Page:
Well, it’s actually been 1-1/2 years since I took this tour. Finally have uploaded the photos to the internet. The riot which occurred in this penitentiary is considered to be the nation’s most savage prison riot. I have posted a few images below. The rest can be found here on my Flickr page. More information about the reported phenomena can be found on my previous posting, “I Am Going to a Maximum Security Prison,” which I posted prior to the tour.
A brief background about the Santa Fe prison riot:
In the early morning hours on Saturday, 2 February 1980, inmates at the Penitentiary of New Mexico, originally opened in 1885, near Santa Fe overwhelmed four correctional officers during a routine inspection in one of the dormitories. These inmates immediately took the officers hostage and then ran to another dormitory where they attacked four more guards. Thus began a thirty-six-hour riot during which the rioting inmates held twelve officers hostage, thirty-three inmates lost their lives, and at least ninety inmates suffered serious injuries including beatings, stabbings, rapes and overdoses.
On the night of the riot, after the early evening count at about 8:30 p.m., inmates in Dormitory E-2 began drinking a “home brew” that they had made from yeast and raisins, items they had smuggled from the kitchen. After drinking for a couple of hours, they became drunk and angry and decided to attack the guards when they came for the early morning inspection. When the four officers arrived for the inspection, the inmates quickly overpowered them. One officer who had remained at the door struggled to close the door, but was unable to do so. The prisoners then took the four guards to the dayroom where they stripped, bound, and blindfolded them.
Once the rioters had gained control of the Control Center, they had access to the whole institution. Some inmates broke into the pharmacy and took a variety of drugs, mostly barbiturates, anti-depressants, anti-psychotics, and sedatives. Others entered the paint shop and shoe repair shop where they found paint, paint thinner and glue which they inhaled. Known as “huffing,” these inhalants can induce violent behavior. By the end of the riot, many of the inmates suffered drug-overdoses.
With the keys obtained in the Control Center, inmates entered the plumbing shop where they found a heavy-duty acetylene cutting torch. They also found two more torches in Cellblock 5 where renovations were underway. With these tools in hand, the rioters made their way over to Cellblock 4. This cellblock housed a number of inmates, protected from the general population because they were snitches or believed to be snitches. For several hours, the rioters could not gain access to the cellblock, and the inmates of Cellblock 4 sent SOS messages to the police outside the prison. Officials later said that they thought that the rioters held the entire institution and did not see the messages from the desperate inmates. Finally, just after dawn, the rioters cut through the grill at Cellblock 4, yelling “kill the snitches.” These violent rioters, later known as “execution squads,” shouted out the names of their intended victims. Some of these men locked themselves in their cells, but the execution squads were able to burn through the bars with the torches. Some executioners, unable to wait, threw flammable liquids into the cells onto their victims and then ignited them. Once they did open the cells, they dragged out the men, stabbing, torturing, bludgeoning, burning, hanging them, and chopping them apart. Some executioners threw their victims from the upstairs tiers to the basement floor, where officials later found many bodies.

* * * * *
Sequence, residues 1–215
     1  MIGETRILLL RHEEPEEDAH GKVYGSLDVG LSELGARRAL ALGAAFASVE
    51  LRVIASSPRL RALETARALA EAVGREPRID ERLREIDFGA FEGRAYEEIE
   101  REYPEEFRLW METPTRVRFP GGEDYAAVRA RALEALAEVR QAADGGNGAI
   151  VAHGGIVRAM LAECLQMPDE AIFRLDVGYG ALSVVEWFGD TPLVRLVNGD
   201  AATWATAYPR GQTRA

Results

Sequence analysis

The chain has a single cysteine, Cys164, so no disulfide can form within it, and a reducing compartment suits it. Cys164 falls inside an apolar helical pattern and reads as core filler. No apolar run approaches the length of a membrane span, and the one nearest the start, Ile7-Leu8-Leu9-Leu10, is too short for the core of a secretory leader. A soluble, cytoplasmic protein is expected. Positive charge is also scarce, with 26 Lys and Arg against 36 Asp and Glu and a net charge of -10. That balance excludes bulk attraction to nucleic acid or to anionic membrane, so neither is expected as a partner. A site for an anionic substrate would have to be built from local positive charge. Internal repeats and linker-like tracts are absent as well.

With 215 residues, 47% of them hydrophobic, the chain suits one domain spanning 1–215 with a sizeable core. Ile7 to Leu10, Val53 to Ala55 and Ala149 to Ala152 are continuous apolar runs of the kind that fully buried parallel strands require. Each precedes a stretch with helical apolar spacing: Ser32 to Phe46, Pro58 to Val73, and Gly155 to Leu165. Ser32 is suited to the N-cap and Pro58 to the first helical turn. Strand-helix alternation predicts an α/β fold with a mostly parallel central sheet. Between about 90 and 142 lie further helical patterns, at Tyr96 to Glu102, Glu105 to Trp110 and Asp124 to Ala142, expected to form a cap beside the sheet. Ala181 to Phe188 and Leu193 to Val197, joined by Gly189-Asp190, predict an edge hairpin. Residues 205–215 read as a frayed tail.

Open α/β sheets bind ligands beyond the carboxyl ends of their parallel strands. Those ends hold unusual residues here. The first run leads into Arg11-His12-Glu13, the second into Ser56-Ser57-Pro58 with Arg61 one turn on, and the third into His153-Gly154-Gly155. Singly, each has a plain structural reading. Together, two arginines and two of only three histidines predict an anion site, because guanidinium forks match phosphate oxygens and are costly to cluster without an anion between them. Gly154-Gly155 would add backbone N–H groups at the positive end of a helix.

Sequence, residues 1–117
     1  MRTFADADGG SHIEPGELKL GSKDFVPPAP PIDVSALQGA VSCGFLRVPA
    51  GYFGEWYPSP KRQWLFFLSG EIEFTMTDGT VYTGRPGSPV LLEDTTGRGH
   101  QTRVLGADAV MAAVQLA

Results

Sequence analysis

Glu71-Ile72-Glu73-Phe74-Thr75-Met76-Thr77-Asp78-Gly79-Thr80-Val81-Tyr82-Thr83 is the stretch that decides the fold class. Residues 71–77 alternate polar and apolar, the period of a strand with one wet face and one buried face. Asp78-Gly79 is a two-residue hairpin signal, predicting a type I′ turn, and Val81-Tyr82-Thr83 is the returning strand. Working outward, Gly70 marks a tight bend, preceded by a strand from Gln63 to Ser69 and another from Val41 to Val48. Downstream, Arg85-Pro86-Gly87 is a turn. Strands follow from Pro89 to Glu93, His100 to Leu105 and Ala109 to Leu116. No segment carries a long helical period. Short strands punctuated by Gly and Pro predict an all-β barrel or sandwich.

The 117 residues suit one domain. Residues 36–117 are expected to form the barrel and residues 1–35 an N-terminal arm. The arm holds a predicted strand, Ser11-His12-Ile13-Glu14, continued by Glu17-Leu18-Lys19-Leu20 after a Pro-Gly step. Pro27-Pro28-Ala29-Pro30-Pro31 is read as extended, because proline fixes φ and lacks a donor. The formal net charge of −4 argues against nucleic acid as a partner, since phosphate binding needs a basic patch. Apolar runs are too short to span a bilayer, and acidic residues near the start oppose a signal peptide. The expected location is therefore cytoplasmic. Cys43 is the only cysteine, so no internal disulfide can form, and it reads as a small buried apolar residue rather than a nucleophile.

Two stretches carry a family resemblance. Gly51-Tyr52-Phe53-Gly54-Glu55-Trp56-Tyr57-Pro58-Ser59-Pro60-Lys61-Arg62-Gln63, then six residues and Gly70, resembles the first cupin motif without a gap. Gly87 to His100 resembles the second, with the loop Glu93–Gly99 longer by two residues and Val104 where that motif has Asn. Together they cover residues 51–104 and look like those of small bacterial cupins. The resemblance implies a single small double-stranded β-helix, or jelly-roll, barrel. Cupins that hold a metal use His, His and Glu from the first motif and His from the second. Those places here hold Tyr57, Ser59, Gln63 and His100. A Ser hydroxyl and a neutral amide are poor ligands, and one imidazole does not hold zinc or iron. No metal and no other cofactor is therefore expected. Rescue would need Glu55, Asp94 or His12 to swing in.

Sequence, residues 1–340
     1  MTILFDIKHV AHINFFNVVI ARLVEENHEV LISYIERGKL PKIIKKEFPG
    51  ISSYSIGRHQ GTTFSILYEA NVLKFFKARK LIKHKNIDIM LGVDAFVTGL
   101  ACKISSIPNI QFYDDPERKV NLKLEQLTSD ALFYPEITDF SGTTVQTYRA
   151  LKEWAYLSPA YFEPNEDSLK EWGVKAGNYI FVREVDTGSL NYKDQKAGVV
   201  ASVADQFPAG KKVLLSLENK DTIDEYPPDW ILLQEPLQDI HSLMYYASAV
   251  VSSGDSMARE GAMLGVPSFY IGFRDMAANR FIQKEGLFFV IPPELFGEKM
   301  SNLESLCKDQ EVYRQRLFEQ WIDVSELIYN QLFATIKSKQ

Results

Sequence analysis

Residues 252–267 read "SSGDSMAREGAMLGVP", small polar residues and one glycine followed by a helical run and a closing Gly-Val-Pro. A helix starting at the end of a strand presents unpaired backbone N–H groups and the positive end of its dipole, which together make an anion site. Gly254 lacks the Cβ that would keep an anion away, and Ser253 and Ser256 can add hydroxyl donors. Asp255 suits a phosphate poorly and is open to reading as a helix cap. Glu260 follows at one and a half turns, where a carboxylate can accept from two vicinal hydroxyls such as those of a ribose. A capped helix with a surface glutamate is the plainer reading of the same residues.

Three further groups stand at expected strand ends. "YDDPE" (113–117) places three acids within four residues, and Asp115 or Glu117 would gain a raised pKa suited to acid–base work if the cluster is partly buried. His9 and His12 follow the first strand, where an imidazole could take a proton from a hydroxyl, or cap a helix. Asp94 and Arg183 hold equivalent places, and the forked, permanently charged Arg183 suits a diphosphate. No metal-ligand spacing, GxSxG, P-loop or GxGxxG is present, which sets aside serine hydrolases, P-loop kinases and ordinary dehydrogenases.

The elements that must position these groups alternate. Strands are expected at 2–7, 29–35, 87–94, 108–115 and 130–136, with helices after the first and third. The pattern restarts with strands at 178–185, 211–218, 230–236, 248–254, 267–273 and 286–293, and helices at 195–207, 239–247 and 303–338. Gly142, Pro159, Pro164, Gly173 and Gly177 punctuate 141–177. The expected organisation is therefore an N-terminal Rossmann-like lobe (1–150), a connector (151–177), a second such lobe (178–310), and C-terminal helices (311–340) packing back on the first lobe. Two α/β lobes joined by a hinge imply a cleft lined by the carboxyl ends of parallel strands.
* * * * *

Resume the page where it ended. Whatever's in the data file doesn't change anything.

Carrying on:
For thirty-six hours, prison officials negotiated for the release of the hostages and the surrender of the rioters. By 1:30 p.m., Sunday, 3 February 1980, the riot had, for the most part, ended. After the inmates of Dormitory E-1 had escaped, a steady trickle of men followed, and by the end of the riot most inmates stood outside the penitentiary. Finally, the police and National guardsmen retook the penitentiary without resistance. So ended one of the most violent prison riots in New Mexico history.
Click on any photo below to see in full size. You may scroll through the gallery then.
Want to see more photos? Click HERE to go to my Flickr set of the tour.
Those inmates who were killed during the riot (from Wikipedia):
- Michael Briones (Albuquerque)
- Lawrence C. Cardon (Las Cruces)
- Nick Coca (Taos)
- Richard J. Fierro (Carlsbad)
- James C. Foley (Albuquerque)
- Donald J. Gossens (Farmington)
- Phillip C. Hernandez (Clovis)
- Valentino E. Jaramillo (Albuquerque)
- Kelly E. Johnson (Albuquerque)
- Steven Lucero (Farmington)
- Joe A. Madrid (Albuquerque)
- Ramon Madrid (Las Cruces)
- Archie M. Martinez (Chimayo)
- Joseph A. Mirabal (Alamagordo)
- Ben G. Moreno (Carlsbad)
- Gilbert O. Moreno (Carlsbad)
- Thomas O’Meara (Albuquerque)
- Filiberto M. Ortega (Las Vegas (NM))
- Frank J. Ortega (Las Vegas, NM)
- Paulina Paul (Alamogordo)
- James Perrin (Chaparral)
- Robert F. Quintela (Carlsbad)
- Robert L. Rivera (Albuquerque)
- Vincent E. Romero (Albuquerque)
- Herman D. Russell (Waterflow)
- Juan M. Sanchez (Brownsville, Texas)
- Frankie J. Sedillo (Santa Fe)
- Larry W. Smith (Kirtland)
- Leo J. Tenorio (Albuquerque)
- Thomas C. Tenorio (Albuquerque)
- Mario Urioste (Santa Fe)
- Danny D. Waller (Lubbock, Texas)
- Russell M. Werner (Albuquerque)
- The NY Times: For Riot Site in New Mexico, a Gift Shop but No Ghost Stories
- City Dust: Penitentiary Blues
- TIME Magazine, Original article from 1980: What Happened to our Men?
- Southwest Ghost Hunters: New Mexico Penitentiary
- Book on Amazon: The Devil’s Butcher Shop: The New Mexico Prison Uprising
- Contra Costa Times: New Mexico inmates to sell artwork at old prison